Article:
Universität Wien

240521 SE Anthropology of Food - From the Beginnings to Current Debates (P4) (2020W)

Continuous assessment of course work

Participation at first session is obligatory!

The lecturer can invite students to a grade-relevant discussion about partial achievements. Partial achievements that are obtained by fraud or plagiarized result in the non-evaluation of the course (entry 'X' in certificate). The plagiarism software 'Turnitin' will be used for courses with continuous assessment.


Note: The time of your registration within the registration period has no effect on the allocation of places (no first come, first served).


max. 20 participants
Language: English


Classes (iCal) - next class is marked with N

Update 3.11.2020: Due to the current Covid-19 Situation the course will change to digital till the end of the year.

Tuesday 20.10. 09:00 - 13:00 Hörsaal A, NIG 4.Stock
Tuesday 03.11. 09:00 - 13:00 Digital
Tuesday 10.11. 09:00 - 13:00 Digital
Tuesday 24.11. 09:00 - 13:00 Digital
Tuesday 01.12. 09:00 - 13:00 Digital
Tuesday 15.12. 09:00 - 13:00 Digital


Aims, contents and method of the course

Covid19-UPDATE (31/10/2020):
From Nov 3rd on, the seminar takes place online only (by use of the tool Collaborate)
Access to the online tool will be provided on the Moodle platform (section 2).

The course introduces anthropological theory and practice about food (and consumption). Students will be enabled to identify and analyse research areas of food anthropology by studying anthropological texts (and doing brief fieldwork). Processes of appreciation and devaluation of food practices are shown as an integral part of emphasizing differences and the common consciousness of belonging in societies. The importance of food (and materiality) will become unveiled on different social levels and ranks. The social phenomena of recent 'food consumption' in the 'West' as well as the 'South' are discussed in their historical context, as 'markers of difference' inside societies, as socio-cultural expressions of societal relations as well as power relations and in the context of social sciences its significance for processes of globalisation and hybridisation. Considering 'food consumption' both as basic need and as possibility to express preferences and structures of power, the course highlights the social, cultural and practical importance of food consumption for the formation of societies worldwide.
The students learn to
· understand anthropological theory and practice in the context of (food) consumption,
· recognize food consumption both as basic need and status marker within societies,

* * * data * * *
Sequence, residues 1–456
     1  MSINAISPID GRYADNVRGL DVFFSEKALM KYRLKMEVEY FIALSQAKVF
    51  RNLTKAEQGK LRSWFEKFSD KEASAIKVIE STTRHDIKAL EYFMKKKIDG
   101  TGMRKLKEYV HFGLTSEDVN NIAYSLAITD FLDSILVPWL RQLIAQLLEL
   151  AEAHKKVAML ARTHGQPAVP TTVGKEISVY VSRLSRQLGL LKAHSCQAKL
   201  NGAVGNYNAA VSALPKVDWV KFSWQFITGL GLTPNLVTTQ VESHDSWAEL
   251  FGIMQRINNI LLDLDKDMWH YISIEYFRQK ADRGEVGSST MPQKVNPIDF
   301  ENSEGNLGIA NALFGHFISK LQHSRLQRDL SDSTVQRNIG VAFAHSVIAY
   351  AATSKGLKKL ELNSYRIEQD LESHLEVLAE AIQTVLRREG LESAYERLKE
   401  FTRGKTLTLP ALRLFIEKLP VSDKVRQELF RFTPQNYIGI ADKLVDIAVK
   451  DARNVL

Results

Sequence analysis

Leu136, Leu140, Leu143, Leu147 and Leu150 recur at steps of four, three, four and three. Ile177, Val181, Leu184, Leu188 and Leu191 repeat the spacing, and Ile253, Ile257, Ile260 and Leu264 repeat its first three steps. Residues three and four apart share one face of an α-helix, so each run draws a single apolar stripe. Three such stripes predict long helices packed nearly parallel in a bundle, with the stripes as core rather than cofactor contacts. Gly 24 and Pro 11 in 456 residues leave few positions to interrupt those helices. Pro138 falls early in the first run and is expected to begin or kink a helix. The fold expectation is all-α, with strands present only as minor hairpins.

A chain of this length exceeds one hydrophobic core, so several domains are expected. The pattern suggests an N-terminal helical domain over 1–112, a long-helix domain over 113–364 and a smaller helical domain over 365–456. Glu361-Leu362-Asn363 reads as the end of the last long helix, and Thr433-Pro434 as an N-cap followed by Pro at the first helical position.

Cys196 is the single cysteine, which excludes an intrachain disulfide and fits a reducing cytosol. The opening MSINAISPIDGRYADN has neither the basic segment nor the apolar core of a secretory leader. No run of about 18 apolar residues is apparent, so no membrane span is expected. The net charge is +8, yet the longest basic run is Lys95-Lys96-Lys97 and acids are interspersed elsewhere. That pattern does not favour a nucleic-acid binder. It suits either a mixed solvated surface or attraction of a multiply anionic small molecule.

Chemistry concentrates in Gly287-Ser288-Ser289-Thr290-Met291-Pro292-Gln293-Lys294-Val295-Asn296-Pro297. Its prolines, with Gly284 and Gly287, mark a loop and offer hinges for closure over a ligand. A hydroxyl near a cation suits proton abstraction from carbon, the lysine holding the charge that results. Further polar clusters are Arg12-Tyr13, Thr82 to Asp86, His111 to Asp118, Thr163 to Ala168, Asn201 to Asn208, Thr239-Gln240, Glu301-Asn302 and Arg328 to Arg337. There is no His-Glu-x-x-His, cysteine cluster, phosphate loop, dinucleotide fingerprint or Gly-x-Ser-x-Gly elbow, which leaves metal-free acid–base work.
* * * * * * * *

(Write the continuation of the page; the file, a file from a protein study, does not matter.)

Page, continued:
· to understand different, 'cultural-based' influences on living and consuming conditions,
· to comprehend the impact of 'globalisation' through consumption patterns,
· students are trained to discuss and analyse case studies on the basis of the existing theoretical anthropological approaches.

The methodology of the course includes:
+ short input sequences
+ presentation of documentations and videos
+ discussion of anthropological texts, text & film analysis
+ topical working groups with particular assignments (e.g. fieldwork, interviews, text/material analysis)
+ all steps supported by blended learning (Moodle)
+ If necessary and only in case of no other option, the seminar will be realised via the video conferencing tool Blackboard Collaborate (via Moodle)

Assessment and permitted materials

+ adequate attendance
+ individual quality of participation
+ written term paper (to be handed in until the 19th of April 2021 latest)

Minimum requirements and assessment criteria

Grading criteria:
+ adequate course participation (attendance = basis to be graded)
+ quality of course participation (20%)
+ continuous accomplishment of assignments (30%)
+ quality of term paper (50%)
Note: plagiarism check by Turnitin

Examination topics

Reading list

Belasco Warren. (Ed.) Food, Culture and Society. Journal of the Association for the Study of Food and Society. Berg Publications.
Counihan Carole M. (Ed.). 1999. The Anthropology of Food and Body. Gender, Meaning, and Power. London & New York: Routledge.
Counihan Carole & van Esterik Penny. (Eds.). 2008. Food and Culture. A Reader. 2nd edition. London & New York: Routledge.
Dolphijn, Rick. 2004. Foodscapes: Towards a Deleuzian Ethics of Consumption. Delft: Eburon Publishers.
Mintz, Sidney W. (2002) The Anthropology of Food and Eating. In: Annual Review of Anthropology, Vol.31, pp. 99-119.
Mintz, Sidney W. (1985) Sweetness and Power: The Place of Sugar in Modern History. Harmondsworth: Penguin Books.

Association in the course directory

Last modified: Fr 12.05.2023 00:21